A horror-romance-smartpower-themepower-closedcircle-deathgame novella about a protagonist who finds machinery horribly traumatic and who makes a living selling horrifyingly beautiful paintings of machine monsters, who ends up trapped in a closed-circle-deathgame where everyone involved has powers based on what they fear. She cooperates with the stored-memory-recreation of an early Aevylmarcher pioneer with a fear of snakes (who was killed in a previous deathgame) in which they both know that the other will eventually plot to kill each other; nonetheless they fall in love, help each other manage their trauma, and ultimately combine their skills to defeat the various open villains participating and achieve their goals; she wins and is able to use foreshadowed elements of the magic system to save him and most of the other sympathetic participants and put an end to the closed-circle-deathgame. An endnote says that the author has generally been open to fanfiction and there is a lot of fanfiction based on this, including two officially licensed prequels; it wasn't the first closedcircle-deathgame novel, but it did enormously boost the popularity of the subgenre.

Permalink

The working group would like to clarify that the perspective character of the soul-eating book was an attempt to portray what it would be like if you could add pieces of the minds of about a hundred people (and unusually insightful people, at that) onto your own mind, directly making use of their experience in your own thoughts. The experience of the perspective character, as described, is almost certainly impossible for an actual human to experience. (Ozytopians are human, right? They seem to be about the same, in the broad strokes if not in neurotype.) The working group provisionally disendorses that imprimataur.

All books of lies are dangerous (you musn't get complacent) but some are safer than others, and the curators send over all of the relatively-not-dangerous books which are not subject to intellectual property* protections (this is awaiting treaties, which will take at least another few months). They do not send any answer sheets. For their original submission, the curators deliberately selected a book of lies which is rather old and well-tread, because they suspected other worlds would be likely to publicize the answer sheet. The priesthood has produced answer sheets for many other popular books of lies, the contents of which are kept secret on Olam. They would like them to say secret in other worlds because it makes them much easier to keep secret on Olam, because secrets can only be revealed once and the Union is not yet sure how much the governments of other worlds can be relied upon to make good decisions on the behalf of their populations, and because broadly distributing the answers, or 'answers', to a book of lies is sacrilege. They may be willing to share some answer sheets if the Teachingsphere can credibly promise to keep them secret.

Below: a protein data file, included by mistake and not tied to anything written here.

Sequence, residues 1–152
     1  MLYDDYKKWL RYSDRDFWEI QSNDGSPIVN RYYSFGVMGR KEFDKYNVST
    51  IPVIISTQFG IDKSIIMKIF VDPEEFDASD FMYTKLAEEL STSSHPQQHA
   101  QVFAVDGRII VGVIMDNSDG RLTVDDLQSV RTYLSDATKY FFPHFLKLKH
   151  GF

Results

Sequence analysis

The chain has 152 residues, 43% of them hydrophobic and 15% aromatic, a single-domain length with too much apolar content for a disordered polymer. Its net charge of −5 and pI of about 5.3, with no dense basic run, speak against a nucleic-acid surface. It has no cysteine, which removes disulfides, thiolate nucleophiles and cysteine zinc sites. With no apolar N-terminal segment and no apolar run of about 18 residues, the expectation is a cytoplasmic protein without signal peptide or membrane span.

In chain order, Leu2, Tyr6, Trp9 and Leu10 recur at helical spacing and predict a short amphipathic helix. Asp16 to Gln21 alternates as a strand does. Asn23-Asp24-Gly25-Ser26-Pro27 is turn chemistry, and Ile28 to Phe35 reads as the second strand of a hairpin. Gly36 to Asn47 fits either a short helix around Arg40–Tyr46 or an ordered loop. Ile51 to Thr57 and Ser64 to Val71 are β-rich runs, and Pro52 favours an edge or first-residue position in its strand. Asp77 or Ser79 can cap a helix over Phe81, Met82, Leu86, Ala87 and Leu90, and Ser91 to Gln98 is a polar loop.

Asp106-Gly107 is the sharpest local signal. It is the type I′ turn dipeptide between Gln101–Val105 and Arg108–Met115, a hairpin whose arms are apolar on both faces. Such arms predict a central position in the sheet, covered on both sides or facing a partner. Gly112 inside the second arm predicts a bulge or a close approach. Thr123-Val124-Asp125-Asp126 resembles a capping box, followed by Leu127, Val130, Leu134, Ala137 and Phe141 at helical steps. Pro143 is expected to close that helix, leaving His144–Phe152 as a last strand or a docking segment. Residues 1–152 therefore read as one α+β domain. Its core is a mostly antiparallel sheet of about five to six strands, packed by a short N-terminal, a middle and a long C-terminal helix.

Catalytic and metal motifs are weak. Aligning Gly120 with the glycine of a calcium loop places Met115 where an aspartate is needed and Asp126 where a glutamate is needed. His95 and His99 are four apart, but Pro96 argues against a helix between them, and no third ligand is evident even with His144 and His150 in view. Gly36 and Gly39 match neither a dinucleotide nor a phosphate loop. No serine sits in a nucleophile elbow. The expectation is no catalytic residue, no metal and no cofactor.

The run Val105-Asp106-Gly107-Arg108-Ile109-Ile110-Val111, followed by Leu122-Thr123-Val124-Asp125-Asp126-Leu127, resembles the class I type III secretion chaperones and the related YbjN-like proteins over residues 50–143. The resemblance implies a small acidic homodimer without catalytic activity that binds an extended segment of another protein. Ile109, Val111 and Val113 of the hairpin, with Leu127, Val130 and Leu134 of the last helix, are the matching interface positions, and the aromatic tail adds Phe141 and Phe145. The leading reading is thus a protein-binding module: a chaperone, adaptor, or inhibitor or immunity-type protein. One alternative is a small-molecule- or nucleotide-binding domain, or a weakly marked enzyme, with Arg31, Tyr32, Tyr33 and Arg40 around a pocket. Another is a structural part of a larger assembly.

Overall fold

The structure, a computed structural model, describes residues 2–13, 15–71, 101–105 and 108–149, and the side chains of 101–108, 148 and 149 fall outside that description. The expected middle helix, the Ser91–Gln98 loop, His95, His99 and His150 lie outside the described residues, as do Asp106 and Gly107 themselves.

*'intellectual property' is a term that would almost never be used in canaanite, 'information-royalty-gratuity' would be the more literal translation.

Permalink

Olam

Nela understands that this is a metaphor! But being in contact with the logos makes people equally weird. Are people not in contact with the logos in Olam?

The Teachingsphere sends over its screening processes for people whose jobs require them to keep secrets (e.g. spiritual directors, monks who work at children's afterschool centers). If they select someone who scores 1 in 10,000 on these metrics, would that be acceptable?

Alternately, they can avoid having the answer sheets; they are not really sure what the point is. 

Permalink

A long war-adventure-mysticpower-government-grouptravel novel in which part of the army of a small state from early Aevylmarcher history is magically sent to a fantasy setting which is technologically more advanced than theirs but has lots of social and organizational problems that make it overall less effective, such as being divided into a lot of mostly-tyrannical kingdoms with incompetent appointed or hereditary officials, instead of being federal republics. The protagonists sign on as mercenaries for the government of the (unusually non-tyrannical) kingdom they land on and try to both encourage it to engage in good reforms instead of in bad ones, and to protect it from its enemies via warfare, who are initially portrayed as purely demonic invaders and eventually turn out to have multiple factions and complex internal politics of their own. The main protagonist, the commander of the force, has an adorable romance with a member of the ruling clique of the main kingdom and fights lots of battles and duels and gets involved in complicated politics in which he tries to protect his people while serving the society, but the main focus of the novel is on the logistical difficulties in running a mercenary company, the culture-clash between the protagonists' society and the society they land on, and on the complicated nature of how tactics, strategy, and logistics change based on the technological and social state of the various societies in the setting. Magic is vague and mystical and in the background and mostly used used to create problems, like the protagonists being sent to another world, but has a few reliable effects, which are chronicled extensively. The endnote says that all the countries in the fantasy setting are based on pre-apocalyptic ones, and provides sources - the author is a historian of the relevant period.

Imprimatur for being a secret-textbook about logistics, and for teaching people about politics as it is lived. Nela finds it very interesting-- war sure gets very complicated in worlds where the Teachingsphere can't straightforwardly crush anyone it feels like crushing!